United Kingdom

Driving value out of Internal Audit 

Internal Audit has to drive value creation. At KPMG we believe this is about delivering the optimum level of assurance for the lowest cost, and in doing so, freeing up vital resource. Heads of Internal Audit are more accountable than ever before for demonstrating that their key risks and issues, and subsequent risk management processes, have the right level of assurance. CFOs are keen to avoid damaging shareholder value due to unnecessary risk exposure, but equally, do not want to pay the price of diminishing assurance returns.

Internal Audit transcript:

Speaker :

Paul Sawdon
Head of Internal Audit


Every single day and every single week there’s a new headline.  I think it’s fair to say that we’re leaving in reasonably volatile economic conditions, certainly over the last few years, and I see no visible signs of that stopping now.   In that context I sincerely hope that every organisation is reappraising exactly what it’s doing in the assurance space to reconfirm and revalidate that it’s risk processes and its related assurance activity over those risks are sufficiently joined up and understood by the right people.


I’ve seen assurance operate in silos.  I think you’re seeing much less of that now, I think you’re seeing a widespread acknowledge that transparency must be valuable and must drive cost downwards, freeing up resources to go and attack other areas.


I feel really strongly that assurance is extremely valuable and driving value from that is the key.  So it’s not just rolling plans forward that have been built five years ago that are now completely out-of-date.  It’s absolutely interfacing with stakeholders and understanding the business really clearly to then build the correct programmes to manage the risk in a controlled way.

We live in an extraordinarily rapidly changing world; things move on really, really quickly so  I think, you know, the best practice is clearly to embrace those new ideas, to rapidly take on new developments in technology or even just academic thinking and then reappraise very regularly exactly what that programme looks like.  I mean there’s nothing worse than tick-box auditing.  I suppose from time to time, in organisation to organisation you will still see that tick-box auditing taking place and for me that’s a big problem because that’s definitely not adding value unless you’re absolutely sure there’s nothing changing in the economic environment, the market place or your business, which means that its absolutely right to continue with the same old, same old.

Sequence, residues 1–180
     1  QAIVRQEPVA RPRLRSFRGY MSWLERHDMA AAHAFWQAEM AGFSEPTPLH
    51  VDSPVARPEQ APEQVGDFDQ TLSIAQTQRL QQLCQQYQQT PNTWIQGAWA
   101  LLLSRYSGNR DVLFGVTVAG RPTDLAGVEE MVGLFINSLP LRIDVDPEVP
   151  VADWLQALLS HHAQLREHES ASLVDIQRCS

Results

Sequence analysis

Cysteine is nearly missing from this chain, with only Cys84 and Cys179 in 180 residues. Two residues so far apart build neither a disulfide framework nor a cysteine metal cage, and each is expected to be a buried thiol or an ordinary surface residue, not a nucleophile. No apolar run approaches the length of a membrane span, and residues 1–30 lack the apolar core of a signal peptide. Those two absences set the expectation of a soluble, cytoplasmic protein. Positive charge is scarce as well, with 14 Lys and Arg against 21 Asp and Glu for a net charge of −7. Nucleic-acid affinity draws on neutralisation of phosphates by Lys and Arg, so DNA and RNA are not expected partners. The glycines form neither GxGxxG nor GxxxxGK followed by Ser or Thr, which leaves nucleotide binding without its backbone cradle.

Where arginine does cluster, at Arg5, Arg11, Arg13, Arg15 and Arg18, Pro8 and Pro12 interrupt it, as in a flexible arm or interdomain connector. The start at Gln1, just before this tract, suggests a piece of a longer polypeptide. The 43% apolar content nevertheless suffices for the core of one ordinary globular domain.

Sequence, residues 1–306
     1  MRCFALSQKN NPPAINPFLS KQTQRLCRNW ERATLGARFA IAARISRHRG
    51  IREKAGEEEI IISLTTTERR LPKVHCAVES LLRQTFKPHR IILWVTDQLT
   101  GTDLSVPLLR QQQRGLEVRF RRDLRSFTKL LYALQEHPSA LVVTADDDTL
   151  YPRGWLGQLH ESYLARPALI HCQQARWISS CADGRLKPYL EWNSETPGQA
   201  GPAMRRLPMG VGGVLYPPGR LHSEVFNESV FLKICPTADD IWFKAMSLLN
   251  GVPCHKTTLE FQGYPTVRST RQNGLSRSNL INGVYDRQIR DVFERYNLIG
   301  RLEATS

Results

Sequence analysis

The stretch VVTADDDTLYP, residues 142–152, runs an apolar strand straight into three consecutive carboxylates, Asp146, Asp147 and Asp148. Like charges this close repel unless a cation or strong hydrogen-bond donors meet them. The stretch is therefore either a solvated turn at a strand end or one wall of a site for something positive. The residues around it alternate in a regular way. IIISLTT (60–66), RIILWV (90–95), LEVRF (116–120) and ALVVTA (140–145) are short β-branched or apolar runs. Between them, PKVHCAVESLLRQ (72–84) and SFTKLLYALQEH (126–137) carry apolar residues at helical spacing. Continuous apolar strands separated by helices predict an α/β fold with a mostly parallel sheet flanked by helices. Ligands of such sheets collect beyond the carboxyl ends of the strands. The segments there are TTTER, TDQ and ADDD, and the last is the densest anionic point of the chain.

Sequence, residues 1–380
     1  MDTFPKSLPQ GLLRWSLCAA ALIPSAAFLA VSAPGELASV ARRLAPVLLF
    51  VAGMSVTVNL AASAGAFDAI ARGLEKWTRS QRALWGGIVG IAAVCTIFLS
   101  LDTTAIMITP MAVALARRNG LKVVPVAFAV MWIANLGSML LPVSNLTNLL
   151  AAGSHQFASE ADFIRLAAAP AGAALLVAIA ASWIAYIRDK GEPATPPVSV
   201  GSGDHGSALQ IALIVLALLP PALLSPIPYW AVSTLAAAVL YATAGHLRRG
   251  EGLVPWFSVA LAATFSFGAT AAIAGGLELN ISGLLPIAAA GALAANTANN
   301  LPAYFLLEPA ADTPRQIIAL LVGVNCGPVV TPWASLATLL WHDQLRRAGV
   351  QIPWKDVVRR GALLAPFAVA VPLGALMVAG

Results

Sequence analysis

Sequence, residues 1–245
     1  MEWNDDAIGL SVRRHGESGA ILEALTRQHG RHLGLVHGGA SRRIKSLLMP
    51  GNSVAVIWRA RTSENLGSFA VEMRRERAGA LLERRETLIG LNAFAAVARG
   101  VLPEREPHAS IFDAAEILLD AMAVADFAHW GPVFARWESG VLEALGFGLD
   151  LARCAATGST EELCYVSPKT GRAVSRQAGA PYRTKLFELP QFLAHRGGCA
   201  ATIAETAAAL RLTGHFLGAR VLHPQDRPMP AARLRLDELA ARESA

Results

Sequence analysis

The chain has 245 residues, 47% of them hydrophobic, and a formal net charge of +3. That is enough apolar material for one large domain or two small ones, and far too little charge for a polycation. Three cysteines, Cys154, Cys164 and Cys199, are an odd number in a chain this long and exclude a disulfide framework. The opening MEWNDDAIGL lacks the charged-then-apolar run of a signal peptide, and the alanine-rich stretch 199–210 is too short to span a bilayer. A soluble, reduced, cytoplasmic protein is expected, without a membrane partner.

You have to keep evolving, you have to keep challenging what you’re doing and you have to keep reappraising the techniques that you’re using and in that sense I think that all Heads of Internal Audit, all organisations struggle.  I think where you’re seeing great practice you’ve got people looking forward to 2017, 2018, thinking about what Internal Audit might look like then and sort of literally working backwards from there. A business plan, which I think we would take for granted, if one was running a business but doesn’t necessarily flow through into Internal Audit thinking in the ordinary course.


Where it’s been done well, there’s a heavy focus on the GRC elements of that activity so making sure that the governance aspects, and the risk aspects, and the control aspects are kind of all tied together.  And particularly in that context of making sure you’ve got real stakeholder buy in both upwards and downwards in the organisation so that it’s real, so that you are actually focussed on the correct risks so that the assurance activity is sort of making genuine decisions about whether assurance is required over those issues or not, ie it’s not happening in isolation.  I think that’s kind of key.


In terms of sort of moving forward in methodologies, a lot of that really is around technology.  You’re seeing more and more use of data analytics.  It’s not rocket science but equally if you don’t use it and you don’t drive value from it, then you’re stuck in the past.  So I think it’s evolutionary, not revolutionary, but it’s absolutely driving those new techniques.